New study detects ringing of the global atmosphere

Posted: July 8, 2020 by oldbrew in atmosphere, Measurement, pressure, research, waves
Tags: ,


Researchers now want to ‘understand both the processes that excite the waves and the processes that act to damp the waves.’
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A ringing bell vibrates simultaneously at a low-pitched fundamental tone and at many higher-pitched overtones, producing a pleasant musical sound, says Phys.org.

A recent study, just published in the Journal of the Atmospheric Sciences by scientists at Kyoto University and the University of Hawaii at Mānoa, shows that the Earth’s entire atmosphere vibrates in an analogous manner, in a striking confirmation of theories developed by physicists over the last two centuries.

In the case of the atmosphere, the “music” comes not as a sound we could hear, but in the form of large-scale waves of atmospheric pressure spanning the globe and traveling around the equator, some moving east-to-west and others west-to-east.

Each of these waves is a resonant vibration of the global atmosphere, analogous to one of the resonant pitches of a bell.

The basic understanding of these atmospheric resonances began with seminal insights at the beginning of the 19th century by one of history’s greatest scientists, the French physicist and mathematician Pierre-Simon Laplace.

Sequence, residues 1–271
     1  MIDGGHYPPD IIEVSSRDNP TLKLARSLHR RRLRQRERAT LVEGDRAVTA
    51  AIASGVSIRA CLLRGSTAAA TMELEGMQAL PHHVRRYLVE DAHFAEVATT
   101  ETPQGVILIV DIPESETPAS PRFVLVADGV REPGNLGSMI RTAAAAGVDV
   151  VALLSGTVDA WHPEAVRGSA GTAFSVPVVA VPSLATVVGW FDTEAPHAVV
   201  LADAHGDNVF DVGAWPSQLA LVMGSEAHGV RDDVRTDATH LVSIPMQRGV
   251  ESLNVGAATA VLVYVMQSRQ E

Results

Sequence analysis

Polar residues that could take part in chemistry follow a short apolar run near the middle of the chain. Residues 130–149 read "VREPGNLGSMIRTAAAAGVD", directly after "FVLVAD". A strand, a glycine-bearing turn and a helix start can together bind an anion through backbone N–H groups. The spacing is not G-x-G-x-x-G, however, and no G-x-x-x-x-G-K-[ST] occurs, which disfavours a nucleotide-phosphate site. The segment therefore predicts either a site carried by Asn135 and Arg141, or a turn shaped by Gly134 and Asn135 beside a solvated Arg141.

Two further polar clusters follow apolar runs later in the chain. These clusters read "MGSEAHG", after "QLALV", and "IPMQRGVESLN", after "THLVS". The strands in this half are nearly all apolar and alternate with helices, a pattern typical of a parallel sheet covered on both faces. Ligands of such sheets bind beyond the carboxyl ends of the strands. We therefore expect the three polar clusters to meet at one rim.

Research by physicists over the subsequent two centuries refined the theory and led to detailed predictions of the wave frequencies that should be present in the atmosphere. However, the actual detection of such waves in the real world has lagged behind the theory.

Now in a new study by Takatoshi Sakazaki, an assistant professor at the Kyoto University Graduate School of Science, and Kevin Hamilton, an Emeritus Professor in the Department of Atmospheric Sciences and the International Pacific Research Center at the University of Hawaii at Mānoa, the authors present a detailed analysis of observed atmospheric pressure over the globe every hour for 38 years.

The results clearly revealed the presence of dozens of the predicted wave modes.

Full article here.

Comments
  1. craigm350 says:

    Reblogged this on WeatherAction News and commented:

    The study focused particularly on waves with periods between 2 hours and 33 hours which travel horizontally through the atmosphere, moving around the globe at great speeds (exceeding 700 miles per hour). This sets up a characteristic “chequerboard” pattern of high and low pressure associated with these waves as they propagate

    .

    Interesting study. Thanks OB.

  2. Paul Vaughan says:

    Note their reaction to finding L2. Telling for luminaries.

    It’s a fun subject for weather-level exploration with no impact on our understanding of aggregate climate. (The latter subsumes all infinite detail of the former.)

    Where they’re going to end up is 96 (a bunch of zero-sum stuff bouncing around inside 10% of the bigger picture — technicians’ stuff – e.g. to be assigned to civil servants — not for Pareto Principle people).

    Why hasn’t Trump released whatever’s classified on 96? Doesn’t matter. Religion will still be religion no matter what classified materials are released.

    Luminaries literally don’t need the details (which would only be used to leverage human psychology catastrophically) to see the bigger picture. The spin doctors are already creating too much fatal resonance by synchronizing components destructively.

    The only other comment I have is that the research article (not to be confused with its media coverage) is way too long. That’s a cultural problem: placing inordinate value on quantity over quality. It’s a brutal method that earns no respect from luminaries.

    You just watch: Corrupt powers will steadfastly ignore 96. That is ALL the information you need.

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